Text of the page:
US investment bank Lehman Brothers Holdings Inc. looks set to report dismal second quarter earnings next month. Some analysts even expect it to lose money. Hedges the firm has in place haven’t worked out well, and new business has been slow in the wake of Bear Stearns Companies Inc.’s collapse. The question is whether this marks the trough for Lehman, or whether it will spark calls for the Wall Street firm to go looking for a deep-pocketed partner.
Lehman is no stranger to being told it’s too small to survive. Many regarded the firm as a basket case after it split off from American Express Co. in 1994, in the wake of a previous housing-related credit squeeze. When the collapse of Long-Term Capital Management sent the markets into another downward spiral four years later, it was assumed Lehman was on the brink of insolvency due to its reliance on short-term funding.
That’s what prompted chief Richard Fuld and his executives to prepare for the next crisis. That essentially meant always having enough cash on hand to run the firm for a year without being forced to sell assets. In this current credit crunch that has been only partly successful. Lehman had a stronger capital base than Bear, and better contingency plans.
But investors still worried it was vulnerable, which is why the stock dropped to just two-thirds of book value—depths it hadn’t plumbed since 1998.
Fuld blames scaremongering short sellers for that. Perhaps he’s right. Either way, it doesn’t matter—the common assumption now is that it was the US Federal Reserve offering emergency funding for brokers and not the firm’s well-laid plans that ultimately stopped Lehman following Bear into the mire.
Since then, Lehman still felt it should raise more capital—some $4 billion (Rs17,280 crore) of preferred equity—to quell any lingering doubts it lacked access to liquidity. That’s smart crisis management. But it will inevitably crimp returns.
The investment bank has also been shedding assets. That wasn’t supposed to be part of the plan either, but a wise move considering traders have been hunting and punishing any leverage they consider excessive.
Lehman has acted swiftly, selling tens of billions of dollars of assets this quarter alone. That’s impressive—compare it to the five years Citigroup Inc. executives reckon they may need to shed $400 billion of assets.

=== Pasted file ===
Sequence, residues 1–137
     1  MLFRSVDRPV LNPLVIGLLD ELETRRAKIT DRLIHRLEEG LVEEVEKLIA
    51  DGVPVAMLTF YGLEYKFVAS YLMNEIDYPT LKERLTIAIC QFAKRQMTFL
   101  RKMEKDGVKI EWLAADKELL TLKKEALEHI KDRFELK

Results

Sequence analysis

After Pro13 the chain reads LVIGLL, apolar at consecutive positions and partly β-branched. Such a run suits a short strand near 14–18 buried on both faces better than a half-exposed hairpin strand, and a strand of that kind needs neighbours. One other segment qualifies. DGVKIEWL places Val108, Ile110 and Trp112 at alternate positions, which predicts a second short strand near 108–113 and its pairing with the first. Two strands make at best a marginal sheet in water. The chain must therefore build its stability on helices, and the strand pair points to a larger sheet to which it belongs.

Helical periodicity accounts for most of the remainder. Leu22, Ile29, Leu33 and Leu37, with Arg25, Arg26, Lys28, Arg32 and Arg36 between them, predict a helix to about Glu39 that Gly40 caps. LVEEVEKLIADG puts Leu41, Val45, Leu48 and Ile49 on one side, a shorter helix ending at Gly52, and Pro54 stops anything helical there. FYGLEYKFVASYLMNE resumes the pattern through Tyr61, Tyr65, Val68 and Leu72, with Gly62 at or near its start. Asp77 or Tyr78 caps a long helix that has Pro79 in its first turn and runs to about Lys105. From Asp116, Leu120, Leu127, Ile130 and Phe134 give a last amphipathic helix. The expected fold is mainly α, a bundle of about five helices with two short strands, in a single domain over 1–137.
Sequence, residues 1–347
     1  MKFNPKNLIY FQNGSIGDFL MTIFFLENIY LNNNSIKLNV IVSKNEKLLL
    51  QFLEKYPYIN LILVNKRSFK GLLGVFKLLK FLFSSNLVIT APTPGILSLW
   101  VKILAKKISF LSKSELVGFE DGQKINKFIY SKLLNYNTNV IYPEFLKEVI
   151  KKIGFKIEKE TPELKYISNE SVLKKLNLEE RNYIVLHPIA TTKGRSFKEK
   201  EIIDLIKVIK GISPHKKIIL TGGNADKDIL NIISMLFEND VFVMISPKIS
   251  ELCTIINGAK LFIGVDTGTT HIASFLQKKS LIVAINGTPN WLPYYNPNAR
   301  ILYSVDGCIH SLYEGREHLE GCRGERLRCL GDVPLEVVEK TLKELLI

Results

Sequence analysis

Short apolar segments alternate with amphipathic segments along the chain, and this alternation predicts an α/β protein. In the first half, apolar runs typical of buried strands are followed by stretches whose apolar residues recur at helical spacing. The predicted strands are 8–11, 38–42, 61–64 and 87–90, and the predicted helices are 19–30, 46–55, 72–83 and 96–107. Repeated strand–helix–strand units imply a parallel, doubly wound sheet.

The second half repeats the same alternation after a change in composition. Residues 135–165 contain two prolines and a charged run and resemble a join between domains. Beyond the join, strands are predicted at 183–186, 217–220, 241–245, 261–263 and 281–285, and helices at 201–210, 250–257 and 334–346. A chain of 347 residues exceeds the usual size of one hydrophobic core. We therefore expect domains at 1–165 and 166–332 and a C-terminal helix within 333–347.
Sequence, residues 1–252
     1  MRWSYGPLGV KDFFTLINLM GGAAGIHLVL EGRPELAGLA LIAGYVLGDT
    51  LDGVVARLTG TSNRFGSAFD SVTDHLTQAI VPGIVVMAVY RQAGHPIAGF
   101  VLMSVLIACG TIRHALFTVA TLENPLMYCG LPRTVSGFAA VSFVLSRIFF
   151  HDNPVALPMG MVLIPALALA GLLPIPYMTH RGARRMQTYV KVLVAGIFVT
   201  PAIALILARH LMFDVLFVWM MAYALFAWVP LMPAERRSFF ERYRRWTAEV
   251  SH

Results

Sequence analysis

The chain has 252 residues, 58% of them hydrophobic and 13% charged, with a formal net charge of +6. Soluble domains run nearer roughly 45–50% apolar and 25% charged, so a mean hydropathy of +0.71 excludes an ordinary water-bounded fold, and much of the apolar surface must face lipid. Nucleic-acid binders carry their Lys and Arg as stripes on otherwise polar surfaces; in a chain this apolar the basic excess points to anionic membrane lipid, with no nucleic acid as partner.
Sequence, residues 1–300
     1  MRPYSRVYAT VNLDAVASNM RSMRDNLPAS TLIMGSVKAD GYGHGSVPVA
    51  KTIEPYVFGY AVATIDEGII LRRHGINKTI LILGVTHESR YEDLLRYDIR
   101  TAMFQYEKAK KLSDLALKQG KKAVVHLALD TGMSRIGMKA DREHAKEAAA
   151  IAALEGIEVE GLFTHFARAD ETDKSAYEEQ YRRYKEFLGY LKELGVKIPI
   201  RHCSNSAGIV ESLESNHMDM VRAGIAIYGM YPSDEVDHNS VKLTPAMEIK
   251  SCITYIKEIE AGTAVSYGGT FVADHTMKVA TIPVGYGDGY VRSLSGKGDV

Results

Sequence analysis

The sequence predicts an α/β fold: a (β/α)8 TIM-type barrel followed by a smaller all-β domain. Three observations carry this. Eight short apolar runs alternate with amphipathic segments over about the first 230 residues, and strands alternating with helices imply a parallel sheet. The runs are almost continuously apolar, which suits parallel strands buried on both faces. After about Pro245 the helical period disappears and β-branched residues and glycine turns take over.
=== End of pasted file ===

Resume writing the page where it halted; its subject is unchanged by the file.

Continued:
But it leaves Lehman with a dilemma: its balance sheet might be cleaner, but it has fewer assets earning a return, its new capital was expensive, and there is always the chance regulators may want financial firms to raise an even larger cushion as quid pro quo for their effective intervention after Bear. What’s more, business has slowed. The upside of a credit crunch is that returns on assets improve, but right now not enough to make up the shortfall. The firm successfully diversified into equities, mergers and acquisitions, and money management in recent years, but these areas, too, have been cowed by turmoil in the credit markets.
Lehman is hardly alone in this. But Goldman Sachs Group Inc.’s risk-taking culture has remained successful enough to keep cranking out decent results, while Morgan Stanley benefits from being stronger in fee-income businesses such as retail brokerage.
What else could Lehman do? Selling to a commercial bank would certainly reduce funding costs, and a big balance sheet would make it easier to store less-liquid assets it couldn’t shift quickly. But that’s no guarantee of making good returns, as multi-billion dollar losses at Citi and UBS AG have proved.
Lehman’s experience dealing successfully with past credit crises should give it some breathing room. The firm has a track record of winning market share during and after downturns. And its stock recovers well: it rose some 145% within a year of hitting its lows in 1998, and by nearly 450% within two years.
But if the fallout from this most recent credit crunch is too widespread for Lehman to recover quickly—and there is a good chance this will be the case—the lure of deep pockets may prove to be stronger than the appeal of remaining independent.